Slaves were taken from the following areas:
-Lagos -Elmina -Whydah -Gold Coast -Senegambia
-Guinea Coast -Badagri -Ivory Coast
Raiders would enter villages quietly, in the night and set fire to slave houses. In the confusion and panic they easily collected the villagers, tied them in pairs around the neck using forked sticks and placed them into slave coffles. This was done quickly as they feared the villagers might have had reinforcements. The slaves were then taken to the coast. Along the way, the oldest, youngest, weakest and sickliest slaves were cut from the coffles and left to die or find their way back to their village’s remains. After several weeks journeying, they made their way to the slave market where they were to be sold to dealers (traders). They were then bargained over by agents of European trading companies. Deals however were not made until each slave was checked by the company’s surgeon. Those who were deemed worthy were branded with a hot iron in the name and coat of arms of the trader’s company.
THE MIDDLE PASSAGE
The slaves were then loaded aboard slave ships and taken on the journey known as The Middle Passage. This was the one-sided slave trade that linked West Africa, Europe and America.
Auctions and Slave Sales
When slave ships would arrive in the West Indies, they would advertise their ‘cargo’ in the local newspaper or on plaque cards. This advertisement outlined the number of slaves for sale, their age, gender and their country of origin.
On arriving to the port, slaves were prepared for sale. Captains did their best to make slaves look as attractive as possible. They were fed on fresh fruits to improve their skin and other foods to increase their weight and strength. They were stripped, shaved and rubbed with palm oil to give them a healthy look. Scars and wounds were hidden using a gunpowder, lime juice and iron rust mixture. The slaves were auctioned using a very unorthodox method of dividing the slaves into groups based on price and at the signal; planters would rush onboard to get the best quality slaves. After the auction, slaves were branded yet again with their master’s mark and given Osnaburg clothing (pants and a hat for men, a petticoat and scarf for women). They were then taken to the plantation where they were adjusted to a new and strange way of life.
Plantation lands were divided into several sections: cane fields, pastures, woodlands, provision grounds, work yards and living areas. Most plantations had 3-5 cane fields, each surrounded by a closely trimmed hedge or stone wall to exclude cattle. Each year one field was left fallow, another grew a second crop of rations and the others were planted with new canes. These fields were split by narrow roads of smaller square plots, 6-9 hectares. This made the overseer’s job of controlling the slave gang’s work rate and organizing the movement of the cane to the work yard much easier.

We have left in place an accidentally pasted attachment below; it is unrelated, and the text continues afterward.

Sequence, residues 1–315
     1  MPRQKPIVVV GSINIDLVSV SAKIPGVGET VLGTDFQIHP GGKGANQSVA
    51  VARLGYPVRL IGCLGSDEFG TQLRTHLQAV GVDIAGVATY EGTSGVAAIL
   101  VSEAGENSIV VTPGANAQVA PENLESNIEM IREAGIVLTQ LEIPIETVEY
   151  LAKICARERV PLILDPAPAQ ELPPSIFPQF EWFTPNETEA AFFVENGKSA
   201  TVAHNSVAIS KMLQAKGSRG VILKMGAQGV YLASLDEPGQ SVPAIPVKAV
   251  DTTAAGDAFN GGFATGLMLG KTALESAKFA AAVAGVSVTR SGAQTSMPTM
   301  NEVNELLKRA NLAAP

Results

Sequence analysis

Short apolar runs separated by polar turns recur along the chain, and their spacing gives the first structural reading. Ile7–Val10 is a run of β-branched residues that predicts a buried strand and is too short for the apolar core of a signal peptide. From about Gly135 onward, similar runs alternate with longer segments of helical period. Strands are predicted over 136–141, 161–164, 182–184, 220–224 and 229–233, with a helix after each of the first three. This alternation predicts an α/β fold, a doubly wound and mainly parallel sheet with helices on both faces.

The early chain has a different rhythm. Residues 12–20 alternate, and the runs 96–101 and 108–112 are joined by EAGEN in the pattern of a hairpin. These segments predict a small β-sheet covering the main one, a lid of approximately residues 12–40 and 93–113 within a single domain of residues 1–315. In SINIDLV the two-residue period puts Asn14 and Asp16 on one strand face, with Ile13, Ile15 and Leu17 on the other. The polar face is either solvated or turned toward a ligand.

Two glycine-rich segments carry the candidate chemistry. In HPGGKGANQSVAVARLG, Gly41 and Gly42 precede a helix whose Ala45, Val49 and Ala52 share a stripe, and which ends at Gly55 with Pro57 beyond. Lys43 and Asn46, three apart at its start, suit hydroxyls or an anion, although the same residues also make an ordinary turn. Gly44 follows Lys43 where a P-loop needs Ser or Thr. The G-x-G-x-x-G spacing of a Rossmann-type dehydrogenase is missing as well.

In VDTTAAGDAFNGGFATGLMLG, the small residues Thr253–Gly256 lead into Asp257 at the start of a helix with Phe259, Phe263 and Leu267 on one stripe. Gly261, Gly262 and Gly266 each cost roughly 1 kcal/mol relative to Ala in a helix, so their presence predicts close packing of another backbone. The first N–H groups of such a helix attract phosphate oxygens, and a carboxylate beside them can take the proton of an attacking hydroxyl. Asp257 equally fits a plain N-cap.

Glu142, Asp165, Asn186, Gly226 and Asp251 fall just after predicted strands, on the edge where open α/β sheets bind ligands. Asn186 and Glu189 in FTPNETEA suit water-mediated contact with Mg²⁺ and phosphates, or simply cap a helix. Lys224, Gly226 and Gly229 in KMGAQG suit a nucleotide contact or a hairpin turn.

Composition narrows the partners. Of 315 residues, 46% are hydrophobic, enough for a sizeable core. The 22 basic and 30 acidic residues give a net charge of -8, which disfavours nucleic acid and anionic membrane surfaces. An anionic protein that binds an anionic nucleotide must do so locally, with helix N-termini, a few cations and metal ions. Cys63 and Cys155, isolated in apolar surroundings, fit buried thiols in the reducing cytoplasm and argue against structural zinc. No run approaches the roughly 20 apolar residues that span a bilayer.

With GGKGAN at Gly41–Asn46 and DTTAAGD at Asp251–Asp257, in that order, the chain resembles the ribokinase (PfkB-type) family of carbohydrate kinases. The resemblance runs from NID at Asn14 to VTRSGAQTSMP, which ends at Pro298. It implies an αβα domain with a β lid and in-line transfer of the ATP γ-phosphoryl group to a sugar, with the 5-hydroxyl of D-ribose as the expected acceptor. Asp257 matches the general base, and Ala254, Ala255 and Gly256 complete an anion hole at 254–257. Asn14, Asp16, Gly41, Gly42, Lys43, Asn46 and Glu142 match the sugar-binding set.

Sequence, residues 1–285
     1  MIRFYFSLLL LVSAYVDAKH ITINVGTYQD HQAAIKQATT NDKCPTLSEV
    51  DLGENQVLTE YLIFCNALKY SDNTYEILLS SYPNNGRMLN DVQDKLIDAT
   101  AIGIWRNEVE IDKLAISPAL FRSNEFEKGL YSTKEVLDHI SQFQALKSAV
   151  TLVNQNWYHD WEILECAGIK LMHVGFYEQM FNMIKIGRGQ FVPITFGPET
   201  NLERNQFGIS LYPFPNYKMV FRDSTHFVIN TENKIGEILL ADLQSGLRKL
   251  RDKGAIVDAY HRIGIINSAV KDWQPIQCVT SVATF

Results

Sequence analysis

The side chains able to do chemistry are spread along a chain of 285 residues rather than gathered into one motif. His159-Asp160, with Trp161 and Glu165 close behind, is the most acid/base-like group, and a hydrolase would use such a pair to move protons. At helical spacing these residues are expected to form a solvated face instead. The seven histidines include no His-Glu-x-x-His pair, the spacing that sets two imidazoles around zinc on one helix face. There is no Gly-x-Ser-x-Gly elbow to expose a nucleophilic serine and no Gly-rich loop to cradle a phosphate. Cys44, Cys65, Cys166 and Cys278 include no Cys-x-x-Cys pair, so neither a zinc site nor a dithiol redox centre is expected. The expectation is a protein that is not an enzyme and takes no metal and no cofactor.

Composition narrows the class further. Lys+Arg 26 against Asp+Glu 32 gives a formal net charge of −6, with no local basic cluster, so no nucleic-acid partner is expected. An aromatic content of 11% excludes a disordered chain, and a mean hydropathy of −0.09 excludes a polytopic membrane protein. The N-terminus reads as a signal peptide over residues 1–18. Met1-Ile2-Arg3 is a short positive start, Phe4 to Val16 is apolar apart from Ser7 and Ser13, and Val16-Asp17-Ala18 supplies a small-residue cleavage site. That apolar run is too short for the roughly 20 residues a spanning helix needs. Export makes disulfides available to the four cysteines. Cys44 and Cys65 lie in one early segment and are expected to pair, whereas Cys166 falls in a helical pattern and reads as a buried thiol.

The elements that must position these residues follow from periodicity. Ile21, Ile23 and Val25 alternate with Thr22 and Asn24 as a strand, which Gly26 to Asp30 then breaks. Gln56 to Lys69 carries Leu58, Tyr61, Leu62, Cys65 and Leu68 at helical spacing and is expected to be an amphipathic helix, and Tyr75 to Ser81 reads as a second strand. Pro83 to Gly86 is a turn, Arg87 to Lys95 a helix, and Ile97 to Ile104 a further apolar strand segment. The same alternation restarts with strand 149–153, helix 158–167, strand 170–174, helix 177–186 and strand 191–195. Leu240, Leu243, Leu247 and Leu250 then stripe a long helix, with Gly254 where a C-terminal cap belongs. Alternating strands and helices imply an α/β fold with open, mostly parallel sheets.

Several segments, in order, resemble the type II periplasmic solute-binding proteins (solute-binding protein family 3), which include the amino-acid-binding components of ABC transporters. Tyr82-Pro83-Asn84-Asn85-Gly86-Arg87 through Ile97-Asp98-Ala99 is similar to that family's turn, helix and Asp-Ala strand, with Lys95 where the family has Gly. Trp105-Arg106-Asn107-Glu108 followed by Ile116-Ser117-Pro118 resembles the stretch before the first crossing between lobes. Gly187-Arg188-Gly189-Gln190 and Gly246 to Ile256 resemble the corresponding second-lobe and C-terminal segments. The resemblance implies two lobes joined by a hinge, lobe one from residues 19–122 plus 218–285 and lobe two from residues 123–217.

The work yard stood in the middle of the cane fields. It consisted of the mill, boiling house, curing house, blacksmith’s and carpenter’s sheds. Close by stood cattle pens, poultry houses and a small “hospital which also used as a jail for runaway slaves. There were sometimes a distilling house and a trash house in which the crushed cane stalks were dried to burn in the furnace.
The bottom storey was made of stone and used as a storage shed, storm cellar and a stronghold in case of a slave revolt. The living quarters were on the second floor. One large central hall served as the dining room, sitting room, office and occasionally a banqueting hall. Around this were the bedrooms. The kitchen and servants quarters were in a separate building. The Great House’s Position highlighted the planter’s desire for comfort and also his suspicion of the slaves. It commonly stood on a mound 1km away from the heat and noise of...
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